A variation on #5 (above), this question type focuses on one particular part of the word. In French, vowels are especially important because they can be used with or without accents. This question type challenges students to develop their knowledge of sounds and helps them to connect sounds with accents.
- Choose the missing vowel
A variation on #6 (above), use this question type for students who may be less familiar with how to type accents on their device when responding.
Up your game!
Connecting sound and spelling
The 7 question types listed above will help students quickly become familiar with a group of words, but they need more. Learning a language requires connecting sounds with spelling, which is essential for reading, speaking, and listening. Making the sound-spelling connection is an essential part of learning how to read – don’t skip these questions! Because you’ll be working with a limited word list for your Kahoot games, students will have a limited range of options here. Depending on learners’ proficiency level, or to help build familiarity with new information, I give a longer time limit for this type of question and encourage students to play with partners instead of individually so that they can practice saying the sound with their partner before responding.
To develop this type of background knowledge, try these types of questions:
- Identify rhyming words
This question type challenges students to think about the sounds made by the end letters of a word. This works well if introduced with simple poetry or songs, and students have practiced saying words out loud, listening to poetry or songs, and using apps that help with pronunciation.
- True/False rhyming words
This works well as a simplified version of #1 (above) and is a good way to introduce this type of question to students without the potential overwhelm of processing the sound of four different options within a time limit.
- Match beginning sounds
This question type encourages students to think about the onset sound of a word rather than the end sound. In English and French, there are more ways to spell a sound than there are to say it, and students need practice to learn these connections.
- True/false beginning sounds
Similar to #2 (above), this question type allows students to focus on a limited range of options to match beginning sounds and helps avoid the cognitive overload of processing the sound of four different options within a time limit.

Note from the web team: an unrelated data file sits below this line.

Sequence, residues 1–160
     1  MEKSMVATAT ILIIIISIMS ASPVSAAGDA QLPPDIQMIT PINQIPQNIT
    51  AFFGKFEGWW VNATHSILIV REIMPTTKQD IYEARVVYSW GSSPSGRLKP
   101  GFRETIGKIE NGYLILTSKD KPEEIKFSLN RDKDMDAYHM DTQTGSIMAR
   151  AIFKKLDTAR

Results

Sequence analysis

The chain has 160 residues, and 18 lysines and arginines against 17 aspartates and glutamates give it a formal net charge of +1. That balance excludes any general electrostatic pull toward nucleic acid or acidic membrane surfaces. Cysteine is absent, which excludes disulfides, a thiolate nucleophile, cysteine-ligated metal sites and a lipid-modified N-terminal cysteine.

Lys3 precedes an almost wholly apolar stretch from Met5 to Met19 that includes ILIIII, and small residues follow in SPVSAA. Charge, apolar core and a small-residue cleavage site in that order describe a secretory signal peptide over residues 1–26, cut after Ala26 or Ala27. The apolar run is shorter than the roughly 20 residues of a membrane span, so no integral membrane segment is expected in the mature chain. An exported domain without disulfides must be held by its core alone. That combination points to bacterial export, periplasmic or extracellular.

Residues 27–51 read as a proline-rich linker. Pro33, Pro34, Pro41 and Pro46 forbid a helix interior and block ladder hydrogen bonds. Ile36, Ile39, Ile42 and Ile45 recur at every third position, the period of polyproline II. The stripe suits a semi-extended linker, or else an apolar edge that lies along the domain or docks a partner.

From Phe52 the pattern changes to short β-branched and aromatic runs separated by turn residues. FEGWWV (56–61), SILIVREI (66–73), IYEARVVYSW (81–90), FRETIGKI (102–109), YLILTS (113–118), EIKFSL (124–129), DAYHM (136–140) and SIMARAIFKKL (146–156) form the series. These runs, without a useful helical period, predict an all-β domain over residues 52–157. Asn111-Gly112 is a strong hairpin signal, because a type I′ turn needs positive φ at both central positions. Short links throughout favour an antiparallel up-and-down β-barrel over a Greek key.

- Added challenge – use images instead of words!
For any of question types 1-4 (above), use images instead of words to get students to think about the vocabulary in a different way. This requires a lot of familiarity with the words, and I would only add this question type once students have a high level of familiarity with the vocabulary. This strategy works well if paired with visual dictionaries.
Making connections with meaning
Once students have acquired a basic knowledge of vocabulary that connects to a topic, they need to start to develop connections between words that will prepare them to do more advanced things like word substitution in speaking and writing. This is an essential part of meaning-making, and an important tool for students to use when they have to clarify communication while staying in the target language.
- True-false synonyms
As students build their word knowledge, they may only know one or two words that can substitute for another. Asking them to decide if a word can be used as a synonym is an important way to reinforce this type of interconnected word knowledge.
- Multiple-choice synonyms (3 for 1!)
As background knowledge grows, students will know a larger body of words that can be substituted for one another. These types of questions can be asked in several ways, depending on whether you have a basic Kahoot account or have upgraded:
a. Identify which word is the synonym.
b. Identify more than one synonym.
c. Identify which word is NOT a synonym.
- True-false antonyms
As students build their word knowledge, they may only know one or two words that is the opposite of another. Asking them to decide if a word can be used as an antonym is an important way to reinforce this type of interconnected word knowledge, and lays the foundation for other skills such as agreeing, disagreeing, and making comparisons.
- Multiple-choice antonyms (3 for 1!)